Malbec Day marks success of grape in new home

  • Laura Catena at Adrianna vineyard, high up in Argentina's Uco Valley

    Laura Catena at Adrianna vineyard, high up in Argentina's Uco Valley


On April 17, 1853 the president of Argentina made it his mission to change his country’s wine industry and a Frenchman was commissioned to bring over new vines.

Now known as Malbec Mondo, or Malbec Day, this date celebrates the tremendous success of this grape in its new home.

To fill in the story, let us step back to 50BC when grapes were first planted in an area now known as Cahors in France.

In the Middle Ages, their “black wine” was popular locally and for export, but this was hit badly by the phylloxera epidemic of the late 1800s and again by severe frosts in 1956 that wiped out most of the vineyards.

It was in 1887 that the Georges Vigouroux family moved in, with a new vision for the Malbec grape of this region, and we carry some of their wines.

Georges Vigouroux Pigmentum 2017 Malbec de Cahors derives its name from the Latin term for “that which colours” and it is a wine that is sure to provide pleasure with its beautiful red colour and bouquet of summer flowers along with powerful aromas of raspberry, blackcurrant and blackberry. $18.25.

In the early 1970s, Georges Vigouroux, the third winemaking generation in this family, was looking for a place to replant Malbec vines on their historical “terroir”.

He found Château de Haute-Serre, abandoned since the end of the 19th century, an estate that had produced one of France’s great wines up to 1880.

It took him two years to clear the land, plant 160,000 vines and create a chai in the rehabilitated buildings. Haute-Serre became an unequalled winemaking site in southwest France. From the sale of his very first vintage of AOC Cahors in 1976, Vigouroux’s bet paid off; Haute-Serre was recognised as a first true “Cru” from Cahors.

Our Georges Vigouroux Chateau de Haute-Serre Seigneur 2014 is a blend of 90 per cent Malbec, 7 per cent merlot and 3 per cent tannat, that combine for a wonderfully complex and powerful bouquet of morello cherry, blackcurrant and spices. The aftertaste is long and silky. $30.90.

In 1902, Nicola Catena planted his first Malbec vineyard in Mendoza. In the early 1980s, his grandson, Nicola, took his family to California, because he had a teaching position at the University of California, Berkeley, just outside San Francisco.

On weekends, the family would travel to Napa and, as that area was just bursting on to the quality-wine scene, he vowed to take his family home to transform the rather mediocre wine quality in Argentina to one to compete with the world’s best.

Today, the family says: “We have poured our lives, our passion, our sweat and our spirit into transforming a scrub-laden, high-altitude oasis in a desert into some of the most beautiful vineyards in the world. We blended family and historic vines with state-of-the-art viticulture to create wines that are both spectacular and true to their terroir.”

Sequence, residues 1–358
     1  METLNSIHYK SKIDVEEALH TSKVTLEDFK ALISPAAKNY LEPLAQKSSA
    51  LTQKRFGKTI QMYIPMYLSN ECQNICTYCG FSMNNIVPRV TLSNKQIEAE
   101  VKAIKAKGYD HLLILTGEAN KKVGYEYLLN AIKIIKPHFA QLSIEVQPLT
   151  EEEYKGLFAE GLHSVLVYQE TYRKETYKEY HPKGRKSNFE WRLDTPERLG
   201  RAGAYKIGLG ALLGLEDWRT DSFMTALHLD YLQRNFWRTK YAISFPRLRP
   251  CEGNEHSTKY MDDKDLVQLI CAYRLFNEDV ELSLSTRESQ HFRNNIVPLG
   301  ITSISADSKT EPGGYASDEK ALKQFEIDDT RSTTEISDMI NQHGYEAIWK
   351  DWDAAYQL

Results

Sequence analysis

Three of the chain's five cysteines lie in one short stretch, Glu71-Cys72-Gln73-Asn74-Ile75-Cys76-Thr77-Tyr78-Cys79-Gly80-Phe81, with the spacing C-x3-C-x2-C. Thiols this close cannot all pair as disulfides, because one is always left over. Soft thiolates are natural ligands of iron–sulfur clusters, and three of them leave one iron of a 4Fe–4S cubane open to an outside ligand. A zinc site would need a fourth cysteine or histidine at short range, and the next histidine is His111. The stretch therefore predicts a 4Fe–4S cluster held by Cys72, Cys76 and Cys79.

Catena 2016 Malbec presents a deep violet colour with purple reflections. This microclimate blend of four unique vineyards offers intense aroma, soft texture and concentrated flavour. Deep aromas of ripe red and dark fruits are joined by delicate violet and lavender notes, with traces of vanilla and mocha.

A rich, concentrated mouthfeel is highlighted by flavours of blueberries and blackberries with a touch of leather and cinnamon. The wine has well-integrated tannins, bright acidity and a flinty minerality that provides exceptional length to the finish.

US wine critic Robert Parker rates it 92/100 and refers to its superb quality for the price. James Suckling awards it 91/100 and describes it as “firm and silky with blueberry and blackberry character”. $23.50.

“Each individual plant, not unlike a patient, has its own characteristics, its own individuality that we must preserve,” comments Laura Catena, doctor of medicine, biologist and fourth generation vintner, about their prize vineyard, called Adrianna.

Catena claim that this organically farmed phenomenal piece of land is the most studied vineyard in the world. Parker’s Wine Advocate calls it “South America’s Grand Cru” and adds that “words do not do justice to this beauty”.

Sitting as high as any vineyard in the world, possibly higher, the hours of sunlight and the brightness of the sun, permit photosynthesis to run freely and ripen aromas and tannins, while the cool climate allows the vines to preserve acids and keep the sugars in check. I have just seen a review of the 2016 Malbec from Adrianna and believe that it is the first Argentine wine to score a perfect 100/100.

We only have a little of the Adrianna Mundus Bacillus Terrae 2015 Malbec, as it is highly allocated. This small parcel in the vineyard is particularly rich in rhizobacteria that help vine roots withstand stress and absorb nutrients and the name means “elegant microbes of the earth”. I feel that the argument could be made that this is the finest Malbec in the world. $251.60.

This column is an advertorial for Burrows Lightbourn Ltd. E-mail mrobinson@bll.bm or 295-0176. Burrows Lightbourn has stores in Hamilton (Front Street East, 295-1554), Paget (Harbour Road, 236-0355) and St George (York Street, 297-0409). Visit wineonline.bm

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Published Apr 5, 2019 at 8:00 am (Updated Apr 5, 2019 at 1:30 pm)

Malbec Day marks success of grape in new home

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